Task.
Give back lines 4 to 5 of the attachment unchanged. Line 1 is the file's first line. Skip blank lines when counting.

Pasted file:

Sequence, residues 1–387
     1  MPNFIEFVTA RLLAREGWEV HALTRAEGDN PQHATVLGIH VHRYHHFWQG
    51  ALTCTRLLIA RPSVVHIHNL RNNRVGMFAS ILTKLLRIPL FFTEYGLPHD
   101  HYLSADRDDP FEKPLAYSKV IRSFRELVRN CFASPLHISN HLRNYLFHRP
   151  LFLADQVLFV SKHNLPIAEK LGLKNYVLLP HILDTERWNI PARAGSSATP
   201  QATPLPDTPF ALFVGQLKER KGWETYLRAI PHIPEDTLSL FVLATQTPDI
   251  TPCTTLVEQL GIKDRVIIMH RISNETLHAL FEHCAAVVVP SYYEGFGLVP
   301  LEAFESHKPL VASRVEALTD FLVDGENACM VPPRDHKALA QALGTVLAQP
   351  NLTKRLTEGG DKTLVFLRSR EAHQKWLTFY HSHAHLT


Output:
   101  HYLSADRDDP FEKPLAYSKV IRSFRELVRN CFASPLHISN HLRNYLFHRP
   151  LFLADQVLFV SKHNLPIAEK LGLKNYVLLP HILDTERWNI PARAGSSATP